Pablo Jesus Lijeron v. Christian Paola Lijeron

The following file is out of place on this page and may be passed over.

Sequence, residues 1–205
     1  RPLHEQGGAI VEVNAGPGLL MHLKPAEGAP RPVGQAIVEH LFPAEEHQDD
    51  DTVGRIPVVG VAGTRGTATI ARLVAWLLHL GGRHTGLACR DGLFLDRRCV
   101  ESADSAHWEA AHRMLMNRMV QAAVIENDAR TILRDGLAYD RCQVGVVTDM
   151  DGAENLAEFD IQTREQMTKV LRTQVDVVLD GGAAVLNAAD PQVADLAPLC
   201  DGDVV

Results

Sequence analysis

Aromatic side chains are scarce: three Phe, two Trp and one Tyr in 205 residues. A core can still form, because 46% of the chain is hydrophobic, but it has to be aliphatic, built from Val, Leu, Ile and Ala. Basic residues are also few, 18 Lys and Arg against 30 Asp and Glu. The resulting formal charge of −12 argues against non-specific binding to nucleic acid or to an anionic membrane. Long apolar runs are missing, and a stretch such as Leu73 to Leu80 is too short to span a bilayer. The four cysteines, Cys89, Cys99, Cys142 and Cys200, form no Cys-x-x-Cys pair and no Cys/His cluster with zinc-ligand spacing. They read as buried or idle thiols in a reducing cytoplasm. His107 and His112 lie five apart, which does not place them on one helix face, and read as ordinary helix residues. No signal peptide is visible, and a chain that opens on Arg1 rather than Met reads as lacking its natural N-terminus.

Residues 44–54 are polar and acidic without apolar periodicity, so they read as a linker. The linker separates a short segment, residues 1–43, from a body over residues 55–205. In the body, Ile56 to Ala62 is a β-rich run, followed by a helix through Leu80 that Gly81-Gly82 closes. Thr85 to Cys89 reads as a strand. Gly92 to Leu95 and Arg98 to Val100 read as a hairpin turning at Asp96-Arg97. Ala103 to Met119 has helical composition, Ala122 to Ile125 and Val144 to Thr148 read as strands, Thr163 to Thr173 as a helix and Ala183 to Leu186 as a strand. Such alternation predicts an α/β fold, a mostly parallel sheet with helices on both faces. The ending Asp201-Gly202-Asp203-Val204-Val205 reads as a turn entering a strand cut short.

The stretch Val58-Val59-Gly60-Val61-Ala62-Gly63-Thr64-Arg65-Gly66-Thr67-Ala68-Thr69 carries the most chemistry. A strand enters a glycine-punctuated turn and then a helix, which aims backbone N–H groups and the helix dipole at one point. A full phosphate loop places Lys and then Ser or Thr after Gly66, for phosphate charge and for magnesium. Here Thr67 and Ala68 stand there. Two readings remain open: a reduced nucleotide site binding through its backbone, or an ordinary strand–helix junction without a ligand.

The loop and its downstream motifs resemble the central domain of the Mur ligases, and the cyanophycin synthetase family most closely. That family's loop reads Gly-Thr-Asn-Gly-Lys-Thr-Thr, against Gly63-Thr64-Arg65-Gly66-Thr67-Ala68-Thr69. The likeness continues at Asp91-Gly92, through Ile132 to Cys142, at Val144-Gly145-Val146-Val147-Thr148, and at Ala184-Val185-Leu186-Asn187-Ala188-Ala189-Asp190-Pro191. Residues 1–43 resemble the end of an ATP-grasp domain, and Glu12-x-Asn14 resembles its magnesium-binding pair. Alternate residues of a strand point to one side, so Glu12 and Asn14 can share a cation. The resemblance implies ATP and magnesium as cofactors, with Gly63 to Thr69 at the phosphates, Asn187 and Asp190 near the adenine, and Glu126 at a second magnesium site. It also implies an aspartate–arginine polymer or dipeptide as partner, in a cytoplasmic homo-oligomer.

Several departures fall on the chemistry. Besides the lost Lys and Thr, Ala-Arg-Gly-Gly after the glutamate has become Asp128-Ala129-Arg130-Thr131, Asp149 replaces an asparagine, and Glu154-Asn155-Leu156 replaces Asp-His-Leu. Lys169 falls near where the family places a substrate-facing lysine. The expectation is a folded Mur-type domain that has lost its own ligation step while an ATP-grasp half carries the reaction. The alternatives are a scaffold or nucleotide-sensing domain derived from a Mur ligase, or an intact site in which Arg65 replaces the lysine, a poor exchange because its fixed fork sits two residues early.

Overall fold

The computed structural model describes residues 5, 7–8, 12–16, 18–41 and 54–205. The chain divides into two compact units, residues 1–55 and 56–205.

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UNPUBLISHED COURT OF APPEALS OF VIRGINIA Present: Judges AtLee, Malveaux and Senior Judge Annunziata Argued at Fredericksburg, Virginia PABLO JESUS LIJERON v. Record No. 1344-16-4 MEMORANDUM OPINION* BY JUDGE MARY BENNETT MALVEAUX SEPTEMBER 5, 2017 CHRISTIAN PAOLA LIJERON FROM THE CIRCUIT COURT OF FAIRFAX COUNTY Charles J. Maxfield, Judge Designate Luis A. Perez (Luis A. Perez, P.C., on briefs), for appellant. Eric E. Clingan (The NoVa Law Firm, on brief), for appellee. Pablo Lijeron (“father”) appeals from an order granting his wife, Christian Paola Lijeron (“mother”), primary physical custody of their daughter. Father contends that the circuit court’s custody determination was inconsistent with the evidence, the court’s own factual findings, and the statutory factors enumerated within the Code of Virginia. We disagree and affirm. I. BACKGROUND Mother and father have one daughter, B., who was born in May 2012. Around that time, the couple moved in with father’s parents for financial reasons and for childcare assistance. The five Lijerons resided together in a three-bedroom townhouse in Alexandria, Virginia. Eventually, father’s relationship with mother soured, and the two separated. Mother moved into the townhouse’s finished basement while father and B. continued to reside upstairs with his parents. * Pursuant to Code § 17.1-413, this opinion is not designated for publication. In April 2015, mother told father that she intended to take B. to Kansas to visit a family member. During mother’s trip, father called and texted her several times, asking to speak with B. When mother did not let father speak with their daughter, father became suspicious. He eventually went to the airport to intercept mother’s return flight. Though mother disembarked from the plane, B. did not. Mother later acknowledged that she had not visited family in Kansas with B. but instead travelled to Florida alone. She admitted that she lied to father about B.’s whereabouts. By May 2015, father was concerned that mother might try to take B. and hide her. To prevent this concern from materializing, he filed a custody petition in the Juvenile and Domestic Relations District Court for Fairfax County (“J&DR court”) on May 6, 2015. Simultaneously, he filed a motion to prevent either mother or himself from removing B. from the residence. Mother received personal service of the custody petition and motion on May 14; about five days later, however, she sent father a text message informing him that she had already signed a lease for a new residence on May 2. She stated in the message that she intended to move out of the Alexandria townhouse with B. at the end of the month. On May 20, she sent father a message informing him that as of May 2, she and B. officially resided in Silver Spring, Maryland. When mother finished removing her things from the Lijeron residence at the end of May, she and B. instead went to live with mother’s aunt, Sylvia Araica, in Fredericksburg, Virginia. In July 2015, mother filed for divorce in the Circuit Court of Fairfax County (“circuit court”). A few months later, in October 2015, the J&DR court entered an order that granted both parents joint legal custody of B. and established an alternating scheme for physical custody. Mother appealed that order to the circuit court. -2- In the circuit court, Araica testified that on May 1, 2015, she and mother executed a lease mother had created using another party’s form. But the form they used to create the lease indicated that it last had been altered in July 2015. Neither mother nor Araica could explain how they had created a lease in May using a revision of a form that did not exist until several months later. Mother holds both an associate’s degree in pharmacy and a bachelor’s degree in accounting. Her current employer, a certified public accountant named Daniel Gilliland, testified that she currently works as a receptionist and office manager. Mother told the court that she plans to begin applying for positions as an accountant in the future. Father, meanwhile, had recently begun a new job as a salesperson at a local bank branch. He acknowledged that this particular branch is open seven days a week, and because he does not have full control over his schedule, he must remain available to work Saturdays and Sundays. During weekdays, father returns home around 7:45 or 8:00 p.m. When he works Saturdays, he returns at around 6:00 p.m. On Sundays, he returns at around 4:30 p.m. Father admitted that he had been fired from his previous job as a head teller at another bank. B. was enrolled in father’s health insurance plan through this prior employer. Because father failed for several weeks to tell mother he had lost his insurance, she had to transfer B. to her own healthcare plan using back-dated paperwork. Although father still resided with his parents as of the date of the custody hearing, B.’s paternal grandmother is often out of the house because she works two jobs. She works full-time as a nurse from 2:00 p.m. until 10:30 p.m. She then sometimes travels directly to her second, part-time job, where she works until 2:00 or 3:00 a.m. She acknowledged that she sometimes does not return home until 6:00 a.m. -3- B.’s paternal grandfather works occasionally in construction. A native of Bolivia, he travels back to that country for infrequent visits; however, when he does so, he remains abroad for months at a time. Mother testified that she consistently invited father to B.’s extracurricular activities, offered him extra days to spend with B., and involved him in their daughter’s medical appointments. She also testified that she could foresee no problem with alternating physical custody with father each week if he moved to Fredericksburg. At the same time, mother faulted father for failing to bathe B. and for not administering her medications as directed by her physician. According to mother, B. is generally healthy but regularly needs medication to control her allergies; however, she testified that father forgot to send B.’s medication home with her on one occasion. When father realized his mistake, he offered to take the medication to mother during his lunch break. Mother said that she would not wait for lunch because she already had an appointment in Fredericksburg. And even though she was already in Tyson’s Corner at the time, she was not willing to go by his parents’ home in Alexandria to collect the medication before continuing to Fredericksburg. She explained that because father “caused this inconvenience . . . he needed to find a way to get [B.] the medication.” Mother also testified that after spending one afternoon with father, B. returned home with unexplained bruises on her back and knee. Although mother said she was concerned for her daughter and wanted to know how the bruises occurred, she never asked father about the bruises. Mother explained that she did not ask father about the bruises because he would have caused “drama.” Rather than speaking with father, she instead called her pediatrician to describe the bruises over the phone and then called Anne Devine, a clinician whom she had contacted to provide individual therapy sessions for B. -4- At the conclusion of the evidence, the circuit court made a number of factual findings related to each of the “best interests” factors enumerated in Code § 20-124.3. The court first found that B. is thriving but that her parents’ quarrelling might have negative long-term effects on her well-being. Though it found that both parents were “trying real hard” in their relationship with B., the court noted that an acrimonious divorce would necessarily disrupt their daughter’s sense of security. While the court noted that its ruling would tend to define each parent’s role in B.’s future upbringing, it cautioned both parents to remain involved. When addressing mother’s propensity to actively support B.’s contact with father, the court found that mother initially took B. and denied father access to her. The court noted, however, that little evidence suggested that mother had persisted in that conduct after the J&DR court entered its initial custody order. When discussing the parents’ ability to cooperate and resolve disputes, the court highlighted mother’s rigidity when father forgot to send B.’s medication home with her. The court stated that mother’s decision to take B. to a psychologist instead of speaking with father after discovering B.’s unexplained bruises was “even worse” than the medication issue. The court concluded from these events that mother was more focused on developing evidence against father than on caring for her child. After noting that neither B.’s personal preference nor any history of abuse was at issue, the court proceeded to consider four additional factors it deemed important. First, the court expressed its concern over mother’s honesty, observing that she had lied about a number of facts, including her lease and her April 2015 trip. Second, the court observed that mother had a temper. The judge warned mother to keep her temper in check so that B. would not emulate that trait. -5- Third, the court addressed each parent’s maturity and capacity to raise a child. The court emphasized that father is thirty-seven years old but continues to live with his parents, which the court believed to reflect negatively on both his “maturity” and his “ability to raise a child.” By contrast, the court noted with approval that mother had earned two college degrees. The court observed that mother’s pursuit of higher education “show[ed] somebody is thinking about their future” and that a child’s future is tied to her parents’. Finally, the court found that mother’s willingness to share B. if practicable weighed in favor of awarding her custody. The court noted with approval that she had testified she was willing to share physical custody if father moved to the Fredericksburg area. Based on these considerations, the circuit court awarded both parents joint legal custody of B. but awarded primary physical custody to mother, subject to father’s visitation rights. In his objections to this order, father asserted that the court’s ruling was inconsistent with its own factual findings. He also contended any finding that he lacked economic independence was not supported by the evidence. II. ANALYSIS Our circuit courts often must undertake the complicated task of deciding how to apportion a child’s custody among two parties. In such circumstances, determining what promotes the child’s best interests is a difficult and fact-intensive inquiry over which a trial court exercises “broad discretion.” Brown v. Brown, 30 Va. App. 532, 538, 518 S.E.2d 336, 338 (1999). Our task is to determine whether the circuit court has abused that discretion or otherwise relied upon findings of fact that are not supported by the evidence. “A trial court’s determination of a child’s best interests ‘is reversible on appeal only for an abuse of . . . discretion, and a trial court’s decision will not be set aside unless plainly wrong or without evidence to support it.’” -6- Rubino v. Rubino, 64 Va. App. 256, 261-62, 767 S.E.2d 260, 263 (2015) (quoting Farley v. Farley, 9 Va. App. 326, 327-28, 387 S.E.2d 794, 795 (1990)). “On appeal, the judgment of the circuit court is presumed to be correct.” Id. at 262, 767 S.E.2d at 263. “When a trial court hears evidence ore tenus, its findings are entitled to the weight of a jury verdict,” Floyd v. Floyd, 1 Va. App. 42, 45, 333 S.E.2d 364, 366 (1985), and we must defer to those findings. We “view the evidence in the light most favorable to the prevailing party, granting it the benefit of any reasonable inferences.” Congdon v. Congdon, 40 Va. App. 255, 258, 578 S.E.2d 833, 834 (2003). A. Abuse of Discretion Father argues that the court abused its discretion by failing to consider where he and mother each work and by improperly considering his maturity and economic independence. He also asserts that the court’s determination of B.’s best interests was contrary to the evidence and many of the court’s own factual findings. We disagree with each of his arguments. “In determining custody, the court shall give primary consideration to the best interests of the child.” Code § 20-124.2(B). When determining a child’s best interests “for purposes of determining custody or visitation arrangements,” a court must consider nine mandatory factors. See generally Code § 20-124.3. Additionally, the court may consider “[s]uch other factors as the court deems necessary and proper to the determination.” Code § 20-124.3(10). After considering these factors, the court “shall communicate to the parties the basis of the decision” and “shall set forth the judge’s findings regarding the relevant factors.” Code § 20-124.3. The court is not required, however, “to quantify or elaborate exactly what weight or consideration it has given to each of the statutory factors.” Brown, 30 Va. App. at 538, 518 S.E.2d at 338 (quoting Sargent v. Sargent, 20 Va. App. 694, 702, 460 S.E.2d 596, 599 (1995)). -7- Nor does the Code require “specific findings as to each statutory factor.” Piatt v. Piatt, 27 Va. App. 426, 434, 499 S.E.2d 567, 571 (1998). Our Supreme Court has described three general circumstances that can lead to an abuse of discretion: An abuse of discretion . . . can occur in three principal ways: [first,] when a relevant factor that should have been given significant weight is not considered; [second,] when an irrelevant or improper factor is considered and given significant weight; and [third,] when all proper factors, and no improper ones, are considered, but the court, in weighing those factors, commits a clear error of judgment. Landrum v. Chippenham & Johnston-Willis Hosps., Inc., 282 Va. 346, 352, 717 S.E.2d 134, 137 (2011) (quoting Kern v. TXO Prod. Corp., 738 F.2d 968, 970 (8th Cir. 1984)). Father first argues that the circuit court abused its discretion in failing to address the fact that he and mother work closer to his parents’ home, where he lives. Thus, he contends it would be easier for both parents to visit B. if the court awarded him custody, thereby “assur[ing]” B.’s “frequent and continuing contact with both parents.” Code § 20-124.2(B). The circuit court’s role was to determine which parent would be a better custodian for B. by taking into consideration the statutory factors and any “other factors . . . the court deems necessary and proper to the determination.” Code § 20-124.3(10). The court expressly addressed each of the factors contained in Code § 20-124.3 and additional factors that it found relevant to its decision. After considering these factors, the court determined that mother was a more suitable custodian. We cannot say that after reaching this determination, the court nevertheless was required to consider if it should have awarded father custody instead based on logistics. Father next contends that his maturity and economic independence was an “irrelevant or improper factor.” We will not consider this specific assertion, however, because father has not -8- supported it with legal argument. See Rule 5A:20(e). Though he asserts that this factor was improper, he argues on brief only that “[t]he court apparently weighted this factor based on emotional or sentimental grounds.” Even if true,1 this would prove, at most, that the court considered an otherwise appropriate factor in an improper manner. And that is not the same as showing that the factor itself was irrelevant or improper. Cf. Rubino, 64 Va. App. at 263-65, 767 S.E.2d at 263-65 (holding that the court committed an error of law when it used Code § 20-124.3(10) to consider an otherwise inapplicable statute during a custody determination); Cloutier v. Queen, 35 Va. App. 413, 430, 545 S.E.2d 574, 582-83 (2001) (rejecting another jurisdiction’s “unity of interests” approach and holding that courts may not consider a parent’s interest unless the child derives an independent benefit). Father’s failure to argue this second point is significant because it “leaves us without a legal prism through which to view his alleged error.” Bartley v. Commonwealth, 67 Va. App. 740, 746, 800 S.E.2d 199, 202 (2017). We therefore will not assume the burden of fashioning an appropriate argument for him. We finally disagree with father’s argument that the circuit court’s ruling was inconsistent with the evidence and its own factual findings. Father notes the court found that mother had withheld B. from father at times, had failed to cooperate with him on issues concerning B., had been dishonest, and had a strong temper; in light of these findings and the evidence, father argues, the court’s ruling was clearly wrong. Again, we note that the circuit court fully explained its ruling regarding primary custody, discussing each statutory factor and other factors it found relevant. Although the court did 1 We note that the mere fact that the judge may have exhibited an emotional response to the evidence is not, by itself, sufficient to demonstrate an abuse of discretion. “It is not required nor desired that judges of the Commonwealth possess the ability to utterly set aside all human emotion while discharging their duties.” Prieto v. Commonwealth, 283 Va. 149, 165, 721 S.E.2d 484, 494 (2012). -9- highlight some factors that reflected negatively on mother as B.’s primary custodian, it also expressly found that her ability and willingness to share B. if practicable weighed in favor of awarding her custody. Additionally, other evidence not expressly mentioned by the trial court also supports a reasonable inference that mother’s more consistent work schedule would make her a preferable custodian on a daily basis. Father had to remain available for work on weekends. Though father lives with his own parents, they are not always available to care for B. in his absence. The court reasonably could have determined from this evidence that B. would receive more consistent care from her immediate family by awarding primary physical custody to her mother. The overarching theme of father’s argument is that the circuit court should not have “rewarded” mother with physical custody of B. after finding that she had committed so many acts of misconduct. But our Supreme Court long has held that “[t]he custody of minor children . . . is never to be given to one parent to punish the other.” Rowlee v. Rowlee, 211 Va. 689, 690, 179 S.E.2d 461, 462 (1971). Rather, Code § 20-124.2(B) required the court to place B.’s best interests ahead of any other consideration. And in determining B.’s best interests, the court expressly considered all of the factors required under Code § 20-124.3 as well as those additional factors it deemed relevant. In short, father has not demonstrated an abuse of discretion in the court’s custody ruling. B. Evidence Regarding Father’s Maturity and Economic Independence In his second assignment of error, father argues that the evidence was not sufficient to support the court’s finding that he lacked the maturity and economic independence necessary to be his daughter’s primary custodian. We find no merit in this contention. Contrary to father’s assertion, testimony did establish that he initially moved back in with his parents for financial reasons, at least in part. When questioned by the court, father admitted - 10 - that one of his reasons for moving in with his parents was that mother’s hours at work had been reduced: THE COURT: And you live, essentially, with [your parents] since high school? [FATHER]: No. No, I didn’t. THE COURT: When you got married you lived there, though? [FATHER]: No, we had our own place. We moved when [B.] was ready to be born. THE COURT: And that’s for child care, primarily? [FATHER]: It was for child care and also [because] my wife had problems with her job. She worked for this man who owns the building, and [he] was giving her – he cut her hours, which forced us to move. [B.] was coming so we thought it was best. Other facts in the record also were relevant to father’s maturity and economic independence. By his own admission, father had recently been fired from his previous job at the time of the December 2015 hearing. Because B. had been a beneficiary on that employer’s health insurance plan, the loss of father’s job directly impacted her own insurance status. Nevertheless, father failed to alert mother about this problem for several weeks. Mother was able to add B. to her own insurance plan only by back-dating her paperwork. The court could have found this especially concerning in light of the fact that B. takes prescription medication for apparently severe allergies. We conclude that the trial court’s finding that father lacked maturity and economic independence was neither plainly wrong nor without evidence to support it. C. Appellate Attorney’s Fees Mother separately requests an award of attorney’s fees and costs incurred by father’s appeal. Generally speaking, an award of appellate fees and costs is appropriate only when the appeal is “frivolous” or if either party “generated unnecessary delay or expense in pursuit of its - 11 - interests.” Tyszcenko v. Donatelli, 53 Va. App. 209, 225, 670 S.E.2d 49, 57 (2008) (first quoting O’Loughlin v. O’Loughlin, 23 Va. App. 690, 695, 479 S.E.2d 98, 100 (1996); and then quoting Est. of Hackler v. Hackler, 44 Va. App. 51, 75, 602 S.E.2d 426, 438 (2004)). While father has not prevailed on the merits, we are satisfied that he presented an “appropriate and substantial issue[]” for appellate review. Id. (quoting Hackler, 44 Va. App. at 75, 602 S.E.2d at 438). Thus, we decline mother’s request for attorney’s fees. III. CONCLUSION We conclude that father has not demonstrated an abuse of discretion in the circuit court’s custody ruling, and the court’s factual findings were neither plainly wrong nor without evidentiary support. We therefore affirm the court’s award of primary physical custody to mother and deny mother’s request for appellate attorney’s fees. Affirmed. - 12 -